There’s no doubt that 2020 was a uniquely challenging year for those pursuing tertiary studies, with many universities shifting their entire curriculums online – not to mention, the broader mental and emotional strains that come with living through a global pandemic. As is our custom we’ve since explored the work of these resilient recent graduates to share a few of the outstanding new entrants into the fields of art, design, photography, fashion and illustration with you. We’ve published in-depth Q&As with this talented lot as part of 10and5’s annual Grad Guide and, in the list below, you’ll find a summary of the five young South African graphic and multimedia designers whose work has caught our eye.
An important principle belies Masego Morgan‘s playful design style, which she describes as “kindercore” – calling to mind both her vibrant colour pallete and frequent use of rounded organic forms, as well as her commitment to sustainability. So much so that having graduated now with her major in graphic design, she has begun her postgraduate in Sustainable Development. During her studies last year she co-founded cnscs_ (pronounced conscious), a platform whereby her interests in fashion, design and the environment converge. “I always want to create with purpose and I’m very aware that what I create can either negatively or positively impact the world. So I try not to create more waste, but I also want things to be fun and joyful, even when talking about serious topics,” she says.
Angelina Wicker‘s design style is whimsical, inviting, at times a little surreal, and grounded through the use of bold typography. In 2020 she completed her bachelor’s degree in visual communication at the Stellenbosch Academy of Photography and Design, majoring in multimedia design. The website for her studio Awica is a beautiful showcase of her varied skill set. “Being in the creative industry makes me happy and personally that’s one of the most important things in life. I also love the way design can solve problems and create better solutions. All in all, design can be anything and can be seen in everything,” says Wicker.
Inspired by childhood memories and life’s small joyful moments, Miriek Jansen van Rensburg‘s digital illustration and design work is playful and eye-catching, with fine patterns adding texture to otherwise bold forms. She studied visual communication at Open Window Institute in Centurion, double majoring in communication design and illustration. “I still get wildly enthusiastic about little things. I play with leaves, skip down streets and run against the wind. We sometimes underestimate the influence of the “little things”. As a designer, I try to slow down and focus on the significant and truly appreciate what matters most,” she says.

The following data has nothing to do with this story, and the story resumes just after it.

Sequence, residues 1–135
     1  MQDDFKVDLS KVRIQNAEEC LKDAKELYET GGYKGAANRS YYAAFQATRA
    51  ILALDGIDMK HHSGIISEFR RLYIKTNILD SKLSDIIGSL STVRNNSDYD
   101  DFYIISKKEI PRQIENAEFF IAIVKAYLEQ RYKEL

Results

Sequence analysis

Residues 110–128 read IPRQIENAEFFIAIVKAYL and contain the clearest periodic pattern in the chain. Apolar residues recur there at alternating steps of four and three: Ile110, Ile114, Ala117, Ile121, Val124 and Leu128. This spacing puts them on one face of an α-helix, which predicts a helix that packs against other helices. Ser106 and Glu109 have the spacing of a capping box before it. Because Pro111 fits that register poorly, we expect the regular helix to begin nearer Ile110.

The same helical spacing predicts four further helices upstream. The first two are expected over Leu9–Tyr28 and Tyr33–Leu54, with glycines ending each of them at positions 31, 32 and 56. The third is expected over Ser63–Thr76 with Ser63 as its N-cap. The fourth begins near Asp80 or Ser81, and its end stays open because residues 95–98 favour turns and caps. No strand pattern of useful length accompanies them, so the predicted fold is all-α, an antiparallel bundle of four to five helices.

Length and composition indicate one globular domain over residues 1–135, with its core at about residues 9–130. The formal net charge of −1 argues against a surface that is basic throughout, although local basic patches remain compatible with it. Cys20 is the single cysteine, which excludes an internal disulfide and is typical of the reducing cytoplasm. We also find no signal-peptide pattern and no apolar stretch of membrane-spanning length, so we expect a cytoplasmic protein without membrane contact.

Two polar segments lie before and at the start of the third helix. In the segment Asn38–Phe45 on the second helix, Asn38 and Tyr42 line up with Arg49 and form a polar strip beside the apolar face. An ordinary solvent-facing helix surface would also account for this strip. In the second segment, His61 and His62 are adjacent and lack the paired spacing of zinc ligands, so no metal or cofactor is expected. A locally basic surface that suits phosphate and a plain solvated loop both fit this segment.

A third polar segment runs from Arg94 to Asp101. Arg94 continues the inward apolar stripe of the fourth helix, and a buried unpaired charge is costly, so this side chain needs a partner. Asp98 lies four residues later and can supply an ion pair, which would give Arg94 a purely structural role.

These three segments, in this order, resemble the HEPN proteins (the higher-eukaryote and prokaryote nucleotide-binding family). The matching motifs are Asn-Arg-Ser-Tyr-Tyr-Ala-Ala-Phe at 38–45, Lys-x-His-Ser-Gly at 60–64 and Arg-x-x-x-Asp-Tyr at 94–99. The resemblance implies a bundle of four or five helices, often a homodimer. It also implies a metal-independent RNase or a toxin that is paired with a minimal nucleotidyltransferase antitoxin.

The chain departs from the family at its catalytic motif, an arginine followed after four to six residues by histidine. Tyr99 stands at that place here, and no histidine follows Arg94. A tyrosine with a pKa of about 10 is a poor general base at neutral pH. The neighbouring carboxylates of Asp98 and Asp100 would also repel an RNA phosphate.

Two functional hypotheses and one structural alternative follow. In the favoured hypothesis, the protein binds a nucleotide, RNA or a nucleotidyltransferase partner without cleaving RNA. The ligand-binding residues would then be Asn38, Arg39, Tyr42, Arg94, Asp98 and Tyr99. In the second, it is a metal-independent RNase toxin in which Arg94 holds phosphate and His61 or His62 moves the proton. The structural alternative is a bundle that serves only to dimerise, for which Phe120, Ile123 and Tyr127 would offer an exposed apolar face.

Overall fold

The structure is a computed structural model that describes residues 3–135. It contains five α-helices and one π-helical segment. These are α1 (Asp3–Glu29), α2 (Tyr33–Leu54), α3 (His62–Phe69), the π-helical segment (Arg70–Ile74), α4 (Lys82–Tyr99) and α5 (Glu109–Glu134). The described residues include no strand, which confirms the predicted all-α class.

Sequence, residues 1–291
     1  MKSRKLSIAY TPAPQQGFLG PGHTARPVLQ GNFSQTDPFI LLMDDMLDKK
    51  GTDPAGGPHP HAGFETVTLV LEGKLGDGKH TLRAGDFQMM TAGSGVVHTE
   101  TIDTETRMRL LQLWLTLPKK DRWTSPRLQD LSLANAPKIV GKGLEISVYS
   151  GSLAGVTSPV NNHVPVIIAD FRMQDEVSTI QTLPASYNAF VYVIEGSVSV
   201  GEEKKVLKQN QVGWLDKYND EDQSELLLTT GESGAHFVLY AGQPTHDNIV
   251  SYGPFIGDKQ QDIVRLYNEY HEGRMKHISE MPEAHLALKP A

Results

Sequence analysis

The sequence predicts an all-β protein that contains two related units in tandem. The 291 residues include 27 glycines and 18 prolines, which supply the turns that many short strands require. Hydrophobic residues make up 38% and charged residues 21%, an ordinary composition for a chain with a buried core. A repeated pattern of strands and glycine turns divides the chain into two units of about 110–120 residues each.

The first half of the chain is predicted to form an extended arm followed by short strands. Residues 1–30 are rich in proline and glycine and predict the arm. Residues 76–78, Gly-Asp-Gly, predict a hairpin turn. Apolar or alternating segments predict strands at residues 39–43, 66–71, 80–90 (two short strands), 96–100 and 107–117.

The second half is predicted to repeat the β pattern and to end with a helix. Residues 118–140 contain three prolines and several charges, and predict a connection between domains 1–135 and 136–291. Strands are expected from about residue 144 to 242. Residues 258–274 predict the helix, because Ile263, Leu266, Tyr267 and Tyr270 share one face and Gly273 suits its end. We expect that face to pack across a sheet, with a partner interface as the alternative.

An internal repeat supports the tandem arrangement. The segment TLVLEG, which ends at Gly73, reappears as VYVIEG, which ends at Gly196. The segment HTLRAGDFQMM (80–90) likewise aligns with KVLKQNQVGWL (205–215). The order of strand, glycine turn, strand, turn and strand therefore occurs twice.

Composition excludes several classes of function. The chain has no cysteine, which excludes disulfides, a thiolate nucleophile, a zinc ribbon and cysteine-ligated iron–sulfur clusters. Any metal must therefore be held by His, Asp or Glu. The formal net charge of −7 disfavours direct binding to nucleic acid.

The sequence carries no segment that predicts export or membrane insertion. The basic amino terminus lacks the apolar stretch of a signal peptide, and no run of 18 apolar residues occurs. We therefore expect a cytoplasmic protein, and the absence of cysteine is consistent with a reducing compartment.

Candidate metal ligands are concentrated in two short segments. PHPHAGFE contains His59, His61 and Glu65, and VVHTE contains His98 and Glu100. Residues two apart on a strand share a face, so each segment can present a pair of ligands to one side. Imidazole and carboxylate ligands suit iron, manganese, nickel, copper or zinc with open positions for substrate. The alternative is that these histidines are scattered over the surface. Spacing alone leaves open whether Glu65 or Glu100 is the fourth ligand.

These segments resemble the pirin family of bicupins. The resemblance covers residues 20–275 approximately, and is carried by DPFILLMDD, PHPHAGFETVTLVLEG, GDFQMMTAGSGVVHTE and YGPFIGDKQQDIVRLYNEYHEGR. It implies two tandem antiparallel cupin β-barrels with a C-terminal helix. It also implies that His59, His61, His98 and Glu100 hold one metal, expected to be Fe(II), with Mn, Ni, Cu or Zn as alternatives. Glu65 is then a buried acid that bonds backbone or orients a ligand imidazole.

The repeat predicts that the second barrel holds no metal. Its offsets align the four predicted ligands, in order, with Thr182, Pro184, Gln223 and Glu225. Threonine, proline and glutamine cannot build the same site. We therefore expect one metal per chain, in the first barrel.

With a love of creative expression as well as a mind that leans towards the analytical, the field of graphic design provided the ideal meeting point for these two very different but complementary aspects of Andrea Rossouw‘s nature. Having just completed her BA in visual communications at Red & Yellow, she is now freelancing at a design agency in the heart of Cape Town and plans to use 2021 to flex her creative muscles and learn new skills. “Personally, I feel that the easiest way to describe my individual aesthetic to someone is that it’s an extension of myself, since I try to capture bits and pieces of my detail-oriented, fun-loving and quirky personality within the work I create. I also love embracing colour and the things that make me happy – regardless of how silly those things may be,” Rossouw says.
Cheyenne Fernánda Miller‘s approach to design is unpretentious yet carefully considered, being of the belief that “great design holds the power to change the world”. Having studied at the Stellenbosch Academy of Design and Photography, majoring in multimedia design, she is now completing her postgraduate degree while growing her creative agency Atelier Ferná and developing an app to connect young creatives of colour with more opportunities in the industry. “I sincerely believe that well thought out, great design holds agency and the power to change the world. My philosophy as a designer is to stop and think about how my position and profession can impact the climate we live in, in the most effective and accessible way possible,” she says.
Chanel Slabbert received her degree in visual communication from Centurion’s Open Window Institute, and this year she’s going on to complete her honours. She enjoys working in a vector-based style, contributing to the crisp look of her designs, which are brought to life through a playful use of colour. “The projects I created in my final year allowed me to push myself as a designer. Each project presented a new opportunity to let my creativity be explored while learning new ways of thinking critically about design and applying my skills,” she says.